JMHO

11 posted on 11/02/2011 2:32:23 PM PDT by Rashputin (Obama stark, raving, mad, and even his security people know it.)
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To: Responsibility2nd

This is a CAUCUS THREAD. You’ve already made known on another thread that you don’t consider Catholics Christians.

“Are you a Religion Moderator? I think a bad attitude such as yours needs to be checked.”

You’d best be off before we get charlie horses from laughing too hard.


12 posted on 11/02/2011 2:34:39 PM PDT by OpusatFR
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To: Responsibility2nd; Religion Moderator

**Purgatory and Praying for All the Faithful Departed (Catholic Caucus)**

Did you miss the words “Catholic Caucus” in the title?

Responsibility2nd; Religion Moderator


13 posted on 11/02/2011 2:37:12 PM PDT by Salvation ("With God all things are possible." Matthew 19:26)
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To: OpusatFR; Judith Anne
Excuse me, but I have read the rules on Caucus Threads. And I am in compliance with them.

I'm not sure, but I don't think rudeness on your part (and Judith Anne) is called for.

14 posted on 11/02/2011 2:39:14 PM PDT by Responsibility2nd (NO LIBS! This means liberals AND libertarians (same thing) NO LIBS!)
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To: Responsibility2nd; Religion Moderator
your post:
"Excuse me, but I have read the rules on Caucus Threads. And I am in compliance with them. I'm not sure, but I don't think rudeness on your part (and Judith Anne) is called for."

Per the rules you linked to:
"For instance, if it says “Catholic Caucus” and you are not Catholic, do not post to the thread. "

So, you're Catholic but do not consider Catholics to be Christian, is that it?

15 posted on 11/02/2011 2:43:35 PM PDT by Rashputin (Obama stark, raving, mad, and even his security people know it.)
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To: NYer
I wrote this for RCIA tonight

All Saints All Souls
All Saints - Throughout the year, we will provide to you the names of a very few of the very many famous saints. We do not pretend to know all those in whom we think God has done great things to make his Love known. The chief wonder is not their fame, profound and moving writing, sacrificial lives, or even the miracles which accompany them.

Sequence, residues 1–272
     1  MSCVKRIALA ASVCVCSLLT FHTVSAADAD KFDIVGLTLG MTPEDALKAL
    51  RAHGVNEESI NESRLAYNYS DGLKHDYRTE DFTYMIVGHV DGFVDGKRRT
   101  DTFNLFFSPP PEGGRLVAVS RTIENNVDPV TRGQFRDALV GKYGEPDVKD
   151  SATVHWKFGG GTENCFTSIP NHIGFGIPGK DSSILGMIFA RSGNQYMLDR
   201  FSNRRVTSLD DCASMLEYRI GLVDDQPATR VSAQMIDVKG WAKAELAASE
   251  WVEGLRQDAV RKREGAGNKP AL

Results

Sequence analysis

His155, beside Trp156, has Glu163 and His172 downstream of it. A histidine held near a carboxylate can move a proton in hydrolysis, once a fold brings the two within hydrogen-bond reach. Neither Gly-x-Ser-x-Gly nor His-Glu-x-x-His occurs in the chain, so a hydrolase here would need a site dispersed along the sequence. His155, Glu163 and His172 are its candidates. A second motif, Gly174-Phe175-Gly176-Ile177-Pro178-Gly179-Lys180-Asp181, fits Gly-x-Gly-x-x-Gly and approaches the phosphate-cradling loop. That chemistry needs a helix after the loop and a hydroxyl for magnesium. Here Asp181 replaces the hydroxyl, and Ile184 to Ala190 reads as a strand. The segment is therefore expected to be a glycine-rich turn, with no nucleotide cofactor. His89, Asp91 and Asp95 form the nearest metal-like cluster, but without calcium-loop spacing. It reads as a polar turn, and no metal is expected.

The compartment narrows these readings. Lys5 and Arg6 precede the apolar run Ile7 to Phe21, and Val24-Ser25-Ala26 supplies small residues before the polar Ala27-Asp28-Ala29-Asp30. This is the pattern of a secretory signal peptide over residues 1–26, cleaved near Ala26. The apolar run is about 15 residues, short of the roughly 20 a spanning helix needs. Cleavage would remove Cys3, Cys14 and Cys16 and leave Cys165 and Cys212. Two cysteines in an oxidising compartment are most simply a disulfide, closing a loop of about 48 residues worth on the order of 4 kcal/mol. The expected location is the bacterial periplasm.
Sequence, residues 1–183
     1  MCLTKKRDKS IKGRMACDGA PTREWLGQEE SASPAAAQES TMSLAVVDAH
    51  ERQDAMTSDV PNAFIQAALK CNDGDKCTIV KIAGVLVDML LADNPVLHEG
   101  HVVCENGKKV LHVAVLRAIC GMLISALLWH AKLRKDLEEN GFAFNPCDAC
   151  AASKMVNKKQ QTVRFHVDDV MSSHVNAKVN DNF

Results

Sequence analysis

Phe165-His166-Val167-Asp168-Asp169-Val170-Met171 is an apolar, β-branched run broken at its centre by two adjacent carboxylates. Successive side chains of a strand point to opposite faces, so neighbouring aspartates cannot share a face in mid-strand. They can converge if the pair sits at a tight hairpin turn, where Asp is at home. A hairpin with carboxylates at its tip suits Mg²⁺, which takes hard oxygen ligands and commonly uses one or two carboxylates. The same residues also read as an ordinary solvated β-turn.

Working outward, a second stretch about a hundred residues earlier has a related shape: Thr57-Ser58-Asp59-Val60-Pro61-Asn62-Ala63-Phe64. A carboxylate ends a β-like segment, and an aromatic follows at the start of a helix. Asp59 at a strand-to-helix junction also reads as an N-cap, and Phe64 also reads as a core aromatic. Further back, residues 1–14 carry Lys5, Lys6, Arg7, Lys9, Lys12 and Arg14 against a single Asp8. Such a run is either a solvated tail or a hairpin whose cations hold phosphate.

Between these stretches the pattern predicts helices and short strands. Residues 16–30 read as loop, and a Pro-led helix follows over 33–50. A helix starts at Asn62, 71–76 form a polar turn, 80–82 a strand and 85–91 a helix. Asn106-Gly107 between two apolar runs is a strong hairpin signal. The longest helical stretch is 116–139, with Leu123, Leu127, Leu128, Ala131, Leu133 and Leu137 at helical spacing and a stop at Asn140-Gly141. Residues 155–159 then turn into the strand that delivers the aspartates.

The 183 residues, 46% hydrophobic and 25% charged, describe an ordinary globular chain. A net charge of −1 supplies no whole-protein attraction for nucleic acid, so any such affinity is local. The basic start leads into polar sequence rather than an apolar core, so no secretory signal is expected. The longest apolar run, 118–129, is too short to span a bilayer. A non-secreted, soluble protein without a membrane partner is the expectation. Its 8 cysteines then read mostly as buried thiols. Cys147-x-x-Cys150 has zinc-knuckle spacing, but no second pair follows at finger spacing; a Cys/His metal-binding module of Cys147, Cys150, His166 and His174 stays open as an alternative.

The chief wonder is the Love of God operating in their lives, and through their lives in our world. So on All Saints Day, one of the highest ranking feasts of the Church, we celebrate, with all the joy and wonder we can muster, the glory of God working in the world through saints known and unknown.

We hold that God invites all of us to live “righteous” lives. “Righteous” has become in many quarters a word almost of derision. We hear “righteous” and we think “self-righteous.” But justice, “righteousness” matters. It is a thing God wants to plant in us, and to cultivate in us so that it will grow into charity, the perfection of righteousness. And then God means that perfection to grow into a greater perfection: holiness, sanctity, the thing for which we call these people “saints.”
We may find when we look, on the one hand, at God's Holy Ones, and, on the other, at ourselves, that the distance seems too great to travel, the gap too vast to cross.
We must remember that, in Jesus, God crossed a far vaster gap and travelled a far greater distance, that between Creator and creature. And then he crossed from Life to death. And he did all this to bring you who are reading this, into the joy of his holiness. To trust in him is to trust that he can do in us what we cannot do for ourselves. He can make us, even us, holy.

To celebrate All Saints Day is to celebrate the loving Power, the powerful Love of God and his extravagant scattering of Love and Power through all he has made.
All Souls - It is impossible for us to be very clear about eternity. It is not LESS than time the way a diamond, beautiful and static, is still less than life. It is more than time (whatever that might mean), it comprehends time. Some say for God all times are now. C. S. Lewis suggests the more dynamic, “I call all times soon,” in The Voyage of the Dawn Treader.
To talk about some Divine things we must use the language of process, of time, even while we know it is inadequate. So when we think of the perfection of those who die (as the vast majority of us do) with much growth to be accomplished in us, we will slip into the language of time.
What I think we MUST hold is that God is as solicitous of our freedom as a lover might be. He doesn't want conquest, he wants eager assent. So he must woo us into the holiness that will delight both him and us.

For many, the final stage of that courtship is what we call “purgation” and “purgatory.” And it is authoritatively suggested that not all of it will be fun. Even a dog who loves to please his master finds some of the baths unpleasant, after all, while he still knows that the master who gives them does so in love.